Does the term “bookworm” apply if it is digital media?

I was invited to do a guest blog on the Auryn website. Auryn is a digital publisher with a quality collection of apps. They have published one app based on a book of mine (Hurray for Pre-K!), one called Spring Changes will be released later this month, and six more are under contract. They have been great to work with! Here is the link to the Auryn blog I posted on March 12, 2012, but I have also reproduced it below.

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I spent my childhood as a bookworm. I remember not just the content of favorite books, but what the book itself looked like, what it felt like to hold it, where I was when I read it. I had a favorite second-floor window seat to read in and, when I would pause to think about what I just read, would look out on trees and sky. I loved, and still love, print books – even though adulthood doesn’t leave me nearly enough time to read as I would like.

I went on to become a photographer and writer of children’s books – yes, print books. But I now also read and love to create digital books.

So I’m wondering how the debate over eBook/apps vs. print books for children has become so contentious. There are homes where print books are in short supply and, from infancy on, children read (and play and game) almost exclusively on electronic devices. At the opposite end of the spectrum are print-only people, who, like Waldorf schools, shun digital devices. Waldorf schools offer a valid and superb curriculum for intellectual and creative development – but they insist on doing so without technology, even at the higher grade levels.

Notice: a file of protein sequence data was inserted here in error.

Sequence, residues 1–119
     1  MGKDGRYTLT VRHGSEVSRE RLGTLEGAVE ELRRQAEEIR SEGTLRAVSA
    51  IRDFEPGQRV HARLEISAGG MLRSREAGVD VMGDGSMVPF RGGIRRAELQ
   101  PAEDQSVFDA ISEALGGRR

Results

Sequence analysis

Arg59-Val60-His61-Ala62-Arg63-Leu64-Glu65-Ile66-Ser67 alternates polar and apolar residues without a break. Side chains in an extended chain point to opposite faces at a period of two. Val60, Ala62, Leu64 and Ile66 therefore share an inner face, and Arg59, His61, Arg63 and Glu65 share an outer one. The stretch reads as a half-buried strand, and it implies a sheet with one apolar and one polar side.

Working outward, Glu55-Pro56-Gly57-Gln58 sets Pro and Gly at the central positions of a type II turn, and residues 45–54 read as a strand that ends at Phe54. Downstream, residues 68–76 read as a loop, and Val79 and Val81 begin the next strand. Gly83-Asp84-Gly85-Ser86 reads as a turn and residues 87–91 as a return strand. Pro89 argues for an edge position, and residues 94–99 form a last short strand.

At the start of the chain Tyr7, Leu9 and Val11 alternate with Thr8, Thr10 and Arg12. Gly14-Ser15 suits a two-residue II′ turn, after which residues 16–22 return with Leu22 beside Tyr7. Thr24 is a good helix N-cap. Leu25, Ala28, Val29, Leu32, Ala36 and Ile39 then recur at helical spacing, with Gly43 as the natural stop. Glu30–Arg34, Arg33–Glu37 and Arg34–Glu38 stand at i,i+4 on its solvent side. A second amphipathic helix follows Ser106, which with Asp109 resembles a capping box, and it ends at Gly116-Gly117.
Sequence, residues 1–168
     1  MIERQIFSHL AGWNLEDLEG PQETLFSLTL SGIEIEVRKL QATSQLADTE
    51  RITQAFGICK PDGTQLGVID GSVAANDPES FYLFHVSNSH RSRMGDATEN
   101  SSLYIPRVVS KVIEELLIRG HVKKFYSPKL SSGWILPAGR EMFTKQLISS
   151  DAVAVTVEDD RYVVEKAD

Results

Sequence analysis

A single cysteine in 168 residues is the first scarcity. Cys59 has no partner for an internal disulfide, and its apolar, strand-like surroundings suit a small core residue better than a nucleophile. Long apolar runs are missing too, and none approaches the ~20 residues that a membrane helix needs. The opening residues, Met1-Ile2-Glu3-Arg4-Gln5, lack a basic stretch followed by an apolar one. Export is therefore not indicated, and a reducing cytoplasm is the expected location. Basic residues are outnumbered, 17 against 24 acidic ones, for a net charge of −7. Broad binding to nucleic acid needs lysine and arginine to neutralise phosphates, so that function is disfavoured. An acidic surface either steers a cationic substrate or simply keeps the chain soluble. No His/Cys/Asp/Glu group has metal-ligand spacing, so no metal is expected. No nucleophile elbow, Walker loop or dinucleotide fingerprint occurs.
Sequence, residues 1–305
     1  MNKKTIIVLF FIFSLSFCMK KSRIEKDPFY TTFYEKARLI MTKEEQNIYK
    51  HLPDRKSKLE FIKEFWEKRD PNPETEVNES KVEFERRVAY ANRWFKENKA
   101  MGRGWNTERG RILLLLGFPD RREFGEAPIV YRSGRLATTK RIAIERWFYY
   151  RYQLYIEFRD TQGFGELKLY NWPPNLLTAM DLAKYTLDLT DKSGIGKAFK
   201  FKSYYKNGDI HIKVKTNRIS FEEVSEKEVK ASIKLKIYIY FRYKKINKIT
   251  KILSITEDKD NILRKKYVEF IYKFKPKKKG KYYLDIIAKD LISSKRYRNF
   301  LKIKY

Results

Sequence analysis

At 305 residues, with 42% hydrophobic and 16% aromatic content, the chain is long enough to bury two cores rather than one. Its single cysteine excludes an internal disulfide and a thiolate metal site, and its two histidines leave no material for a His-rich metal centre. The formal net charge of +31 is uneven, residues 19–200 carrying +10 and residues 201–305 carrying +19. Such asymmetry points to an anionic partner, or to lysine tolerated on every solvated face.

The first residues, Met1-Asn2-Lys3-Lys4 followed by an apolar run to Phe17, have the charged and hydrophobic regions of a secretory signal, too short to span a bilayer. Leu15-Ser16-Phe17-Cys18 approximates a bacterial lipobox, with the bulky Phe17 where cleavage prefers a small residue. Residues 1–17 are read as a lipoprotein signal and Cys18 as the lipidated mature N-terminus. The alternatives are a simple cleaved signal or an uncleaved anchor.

The anti-technology reaction stems from a very real concern, which is that children can be drawn in to digital media to the exclusion of, not just print books, but also of normal childhood play. Play (especially open-ended, non-directed play) is critical to human development and is increasingly under siege at home and in school. But technology is by no means the main culprit for decreased playtime – check out a short video I produced called Free Play in Free Fall that is a brief introduction for parents on this.

But, honestly, it’s like apples and oranges.  A balance of both digital and print media (with generous helpings of free playtime) is healthy for kids.

I totally enjoy working in both media. However, multimedia is newer to me so I am still discovering new qualities in it. As a photographer, my art requires me to work directly with children, not in isolation from them as an illustrator does. This keeps me on task and tuned into their perceptions.  Using different forms of media, I can give them a voice, and I mean that literally!

For example, the use of children’s voices in this video on separation anxiety (produced for both parents and children and called I Don’t Want to Say Goodbye) is absolutely essential to how the piece works. I created this initially as a picture book photo essay but found it was much more powerful as a multimedia video. The voices and music ramped up the emotion – and parent-child separation is all about emotion! Using voices, along with sound effects and music, greatly expands my toolbox as a creator of media for and about children.

Separation Anxiety: Title image for I Don't Want to Say Goodbye Link to I Don’t Want to Say Goodbye video

Writers and illustrators can give children a voice in so many ways. In whatever way they are gifted to do so, go for it! And in whatever way children are listening and reading, let them! After all, the definition of bookworm (one who spends much time reading) doesn’t say anything about the medium – it’s the reading that’s important!